Re: How about a Safe Virtual Machine?

Brian Behlendorf (
Sat, 1 Oct 1994 03:58:39 +0100

On Sat, 1 Oct 1994, Daniel W. Connolly wrote:
> Hmm... the more I think about it, the less interesting it becomes to
> think about executing completely untrusted, anonymous programs. The
> interesting part is to allow programs access to exactly the set of
> resources that they are authorized to use, and to support accounting
> for the use of these resources.

*Exactly* my reasoning behind suggesting a "safe shell". Constraining
ourselves to any one language is antisocial, nonprogressive, and
anti-WWW-philosophy (as I see it). I'd like to put up Perl scripts, C
code, and even binary code for different platforms - even if there were
a safe Perl I wouldn't write everything in that.

> A truly anonymous program might begin executing with with finite
> resources: a certain amount of memory and some CPU time. To gain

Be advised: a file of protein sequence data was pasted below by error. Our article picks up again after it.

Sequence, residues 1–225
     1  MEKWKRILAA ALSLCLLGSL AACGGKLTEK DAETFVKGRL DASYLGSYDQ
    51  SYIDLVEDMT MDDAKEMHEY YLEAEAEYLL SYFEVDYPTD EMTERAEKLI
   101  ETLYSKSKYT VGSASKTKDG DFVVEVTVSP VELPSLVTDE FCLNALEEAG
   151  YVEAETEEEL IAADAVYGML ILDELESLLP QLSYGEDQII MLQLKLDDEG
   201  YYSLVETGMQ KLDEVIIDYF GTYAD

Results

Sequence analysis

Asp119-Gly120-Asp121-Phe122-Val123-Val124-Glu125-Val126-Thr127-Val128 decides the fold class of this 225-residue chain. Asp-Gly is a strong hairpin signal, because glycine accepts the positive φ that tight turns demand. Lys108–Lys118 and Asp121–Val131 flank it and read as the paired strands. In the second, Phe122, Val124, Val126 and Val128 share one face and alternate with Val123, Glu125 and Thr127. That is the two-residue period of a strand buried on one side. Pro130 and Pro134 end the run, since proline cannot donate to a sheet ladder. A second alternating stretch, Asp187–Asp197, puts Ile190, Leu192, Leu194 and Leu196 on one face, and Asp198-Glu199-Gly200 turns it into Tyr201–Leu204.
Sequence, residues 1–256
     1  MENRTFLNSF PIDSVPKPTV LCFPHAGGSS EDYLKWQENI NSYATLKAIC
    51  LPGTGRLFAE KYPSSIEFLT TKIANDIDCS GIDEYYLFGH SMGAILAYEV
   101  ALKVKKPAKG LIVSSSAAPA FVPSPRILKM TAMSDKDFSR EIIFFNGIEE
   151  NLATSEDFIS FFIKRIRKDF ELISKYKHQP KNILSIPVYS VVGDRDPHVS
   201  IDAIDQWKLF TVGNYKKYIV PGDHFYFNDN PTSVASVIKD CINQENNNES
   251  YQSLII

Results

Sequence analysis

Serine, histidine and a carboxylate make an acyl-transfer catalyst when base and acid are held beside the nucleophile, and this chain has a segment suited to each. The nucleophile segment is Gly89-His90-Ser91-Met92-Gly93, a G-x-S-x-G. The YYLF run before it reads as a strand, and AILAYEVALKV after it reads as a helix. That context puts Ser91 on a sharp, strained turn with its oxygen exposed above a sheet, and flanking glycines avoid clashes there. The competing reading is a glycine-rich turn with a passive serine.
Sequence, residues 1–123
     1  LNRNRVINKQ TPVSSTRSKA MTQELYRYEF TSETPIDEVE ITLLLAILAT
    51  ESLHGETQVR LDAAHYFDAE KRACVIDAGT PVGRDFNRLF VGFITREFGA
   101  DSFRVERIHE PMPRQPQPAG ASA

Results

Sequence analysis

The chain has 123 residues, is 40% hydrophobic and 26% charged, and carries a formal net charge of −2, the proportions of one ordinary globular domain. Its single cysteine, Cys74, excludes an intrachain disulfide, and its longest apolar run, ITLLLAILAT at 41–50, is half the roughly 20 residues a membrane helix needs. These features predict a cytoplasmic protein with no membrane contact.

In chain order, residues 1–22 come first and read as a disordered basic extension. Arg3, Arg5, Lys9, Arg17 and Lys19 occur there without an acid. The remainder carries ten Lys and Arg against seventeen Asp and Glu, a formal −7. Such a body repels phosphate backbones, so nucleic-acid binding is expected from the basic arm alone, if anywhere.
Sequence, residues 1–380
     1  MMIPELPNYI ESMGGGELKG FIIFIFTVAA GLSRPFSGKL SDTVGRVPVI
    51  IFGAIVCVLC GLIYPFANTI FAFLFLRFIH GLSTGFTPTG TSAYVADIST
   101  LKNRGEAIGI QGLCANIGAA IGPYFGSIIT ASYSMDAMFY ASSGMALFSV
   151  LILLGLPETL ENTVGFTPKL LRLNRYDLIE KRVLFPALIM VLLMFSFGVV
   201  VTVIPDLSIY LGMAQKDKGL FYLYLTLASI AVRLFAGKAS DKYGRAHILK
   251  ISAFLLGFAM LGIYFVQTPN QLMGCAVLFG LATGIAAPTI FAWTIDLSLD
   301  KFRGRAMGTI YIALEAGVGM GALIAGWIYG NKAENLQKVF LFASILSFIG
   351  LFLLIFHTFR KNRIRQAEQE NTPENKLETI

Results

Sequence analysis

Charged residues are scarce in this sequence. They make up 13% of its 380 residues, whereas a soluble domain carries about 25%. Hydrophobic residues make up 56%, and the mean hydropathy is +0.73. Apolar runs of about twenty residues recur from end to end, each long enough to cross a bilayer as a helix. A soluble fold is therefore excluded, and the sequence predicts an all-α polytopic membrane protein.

> access to the filesystem, network ports, databases, more compute time,
> or more memory, I see three options:
> (1) In an interactive session, (like a program that runs inside Mosaic
> to control a smart form) the virtual machine could present a dialog to
> the interactive user:
> The 'fractal image display' task has consumed the default
> maximum memory resources, and requested 5MB more.
> <Grant Request> <Abort Task>

The 'smart form' task wishes to open a socket connection to port 25
(sendmail) on
<Grant Request> <Abort Task>

The 'geometric viewer' application wants to read the file "/etc/passwd".
<Grant Request> <Abort Task>

It seems that at least in terms of protecting operating systems, which can be
defined by a limited number of subsystems each of which can be explicitely
monitored, this system would work. The client could even specify certain
allowed things, like "can always write to /tmp".

The thesis that "specifically allowing certain actions is safer than
specifically prohibiting others" can be integrated into this, one would

The main argument I heard to this was that shells would be hard to implement
on some systems, such as the Macintosh. I don't know what to answer to that,
other than I'd have to gain a deeper knowlege of the Macintosh architecture
before being convinced. Second opinions anyone?